Page 2 of 2 FirstFirst 12
Results 16 to 17 of 17

Thread: Buying old air dried boards

  1. #16
    I will definitely check the boards over. I can see there is little to no checking on the ends and boards seem to be stacked well -- owner claims they are straight and mostly clear. I will look for signs of bugs. These are 20" wide boards and none are live edge, so I don't envision there being much sapwood. Not sure if I'll be able to get much an idea on grain figure with old rough boards like this, but if they are bug free I'm pretty sure I'll take them. At under $5 per bd ft, its less than half what my lumber yard charges so I should come out ahead even if there's some waste.

    John, any good resources for building with allowances for movement? I'd like to learn more.

    Quote Originally Posted by Tom Bender View Post
    I agree with Art, don't overthink this. Do accommodate some movement in your construction, as you should with any wood.

    Let's back up to is this wood worth hauling home?

    1. Definitely don't import bugs into your home. They have probably moved on by now but may have damaged the wood.

    2. Inspect for end checking this can reduce the useful length.

    3. Check for rot, wane, sapwood, wavy grain etc.

    4. Check for surface checking. This can make it all firewood.

  2. #17
    Join Date
    Feb 2008
    E TN, near Knoxville
    Quote Originally Posted by john schnyderite View Post
    ...any good resources for building with allowances for movement? I'd like to learn more.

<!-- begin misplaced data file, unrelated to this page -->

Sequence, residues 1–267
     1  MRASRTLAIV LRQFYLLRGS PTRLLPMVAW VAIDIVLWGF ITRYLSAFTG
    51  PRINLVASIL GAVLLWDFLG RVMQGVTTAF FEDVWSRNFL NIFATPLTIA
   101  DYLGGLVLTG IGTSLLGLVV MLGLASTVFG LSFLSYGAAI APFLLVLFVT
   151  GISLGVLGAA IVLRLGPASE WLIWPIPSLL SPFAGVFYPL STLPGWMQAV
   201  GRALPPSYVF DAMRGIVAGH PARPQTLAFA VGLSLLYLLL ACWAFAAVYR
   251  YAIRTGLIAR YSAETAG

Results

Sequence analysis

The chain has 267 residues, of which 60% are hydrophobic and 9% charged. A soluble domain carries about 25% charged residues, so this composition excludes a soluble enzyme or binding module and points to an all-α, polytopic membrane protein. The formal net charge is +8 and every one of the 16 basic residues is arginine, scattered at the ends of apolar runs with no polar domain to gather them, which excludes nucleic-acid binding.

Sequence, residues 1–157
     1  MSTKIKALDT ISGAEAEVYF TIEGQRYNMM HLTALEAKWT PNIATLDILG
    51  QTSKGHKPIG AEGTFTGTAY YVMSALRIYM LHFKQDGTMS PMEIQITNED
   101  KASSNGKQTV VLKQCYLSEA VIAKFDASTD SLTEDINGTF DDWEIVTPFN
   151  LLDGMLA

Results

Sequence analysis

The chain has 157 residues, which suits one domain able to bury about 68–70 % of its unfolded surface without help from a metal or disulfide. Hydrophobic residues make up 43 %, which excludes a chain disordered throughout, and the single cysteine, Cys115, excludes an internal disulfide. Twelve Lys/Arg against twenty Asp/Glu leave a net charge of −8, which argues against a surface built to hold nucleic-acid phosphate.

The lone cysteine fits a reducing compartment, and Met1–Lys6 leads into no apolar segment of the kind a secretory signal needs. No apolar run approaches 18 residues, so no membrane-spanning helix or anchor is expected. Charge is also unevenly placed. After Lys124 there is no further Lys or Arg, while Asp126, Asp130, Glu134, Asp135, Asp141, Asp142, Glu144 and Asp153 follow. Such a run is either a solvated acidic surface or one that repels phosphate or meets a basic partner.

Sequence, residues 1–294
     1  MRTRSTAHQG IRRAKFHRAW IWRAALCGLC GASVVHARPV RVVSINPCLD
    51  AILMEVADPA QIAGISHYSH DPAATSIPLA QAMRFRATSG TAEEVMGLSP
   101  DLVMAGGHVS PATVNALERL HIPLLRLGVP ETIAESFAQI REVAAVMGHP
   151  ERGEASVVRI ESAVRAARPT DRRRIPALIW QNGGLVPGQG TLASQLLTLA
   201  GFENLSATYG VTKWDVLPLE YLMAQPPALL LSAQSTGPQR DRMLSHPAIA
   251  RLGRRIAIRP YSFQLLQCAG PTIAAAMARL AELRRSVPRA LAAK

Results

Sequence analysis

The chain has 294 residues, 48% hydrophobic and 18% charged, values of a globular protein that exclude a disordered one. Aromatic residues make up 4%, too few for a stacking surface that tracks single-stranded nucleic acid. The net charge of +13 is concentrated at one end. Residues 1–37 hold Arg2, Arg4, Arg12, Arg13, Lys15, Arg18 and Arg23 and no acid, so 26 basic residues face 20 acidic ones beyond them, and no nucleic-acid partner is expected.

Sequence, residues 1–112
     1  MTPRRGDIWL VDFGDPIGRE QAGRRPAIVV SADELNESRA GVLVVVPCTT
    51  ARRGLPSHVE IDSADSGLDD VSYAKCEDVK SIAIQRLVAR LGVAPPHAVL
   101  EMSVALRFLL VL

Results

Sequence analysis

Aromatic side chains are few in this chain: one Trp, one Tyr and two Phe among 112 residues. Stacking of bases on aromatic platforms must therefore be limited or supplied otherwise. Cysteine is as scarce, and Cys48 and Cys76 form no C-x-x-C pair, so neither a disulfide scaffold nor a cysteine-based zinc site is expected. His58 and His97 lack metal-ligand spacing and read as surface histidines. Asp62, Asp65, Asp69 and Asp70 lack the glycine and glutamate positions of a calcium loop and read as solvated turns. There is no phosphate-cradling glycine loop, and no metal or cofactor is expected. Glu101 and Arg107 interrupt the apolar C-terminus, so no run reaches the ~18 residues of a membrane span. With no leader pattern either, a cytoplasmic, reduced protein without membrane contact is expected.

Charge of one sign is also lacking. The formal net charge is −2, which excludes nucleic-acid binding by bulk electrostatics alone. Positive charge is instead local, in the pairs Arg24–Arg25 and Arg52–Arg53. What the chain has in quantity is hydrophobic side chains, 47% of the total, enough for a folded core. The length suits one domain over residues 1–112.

Any good book on making furniture will have good information, as will some magazines. I've seen threads on this and other forums discussing this. Search this forum with the box above or search Google for wider results. I'm guessing there are youtube videos too but I've never looked.

    R. Bruce Hoadley's book "Understanding Wood" is highly recommended as a place to start. I have a spare copy just to loan to friends so I always have one copy handy.

    To cover all humidity conditions, you have to first consider the what you will be building. Read Hoadley's book or others to understand how wood moves, most expansion/contraction is tangent to the rings, usually about 1/2 as much radially (the basis for the T/R ratio), and almost nothing along the grain. The wood species itself is a factor as is how it is sawn. Quartersawn boards behave differently from flat/plain sawn boards. The type and method of finishing can play a part. Small, narrower things need different consideration than wide boards and glued up panels. Cutting boards, signs, checkerboards, and drawer fronts - usually no problem. Wide tables need to allow for expansion/contraction relative to the supporting structure underneath, sometimes made with connections like slots that that allow sliding. In raised panel doors it is easy to provide space for movement.

    I'm definitely not the best person to ask and this sub-forum on Sawmills and Drying might not be the best place, but you could probably find expert advice with a new thread as mentioned here:

    But as someone mentioned, don't fret too much. Learn the basic whys and hows enough to avoid a huge blunder. I only build furniture and cabinets for my own use, but even with my limited knowledge I can say that everything I've built so far is still in good shape, some even after nearly 50 years, for example one bathroom cabinet with raised panel doors that is subject to severe humidity cycling.


Posting Permissions

  • You may not post new threads
  • You may not post replies
  • You may not post attachments
  • You may not edit your posts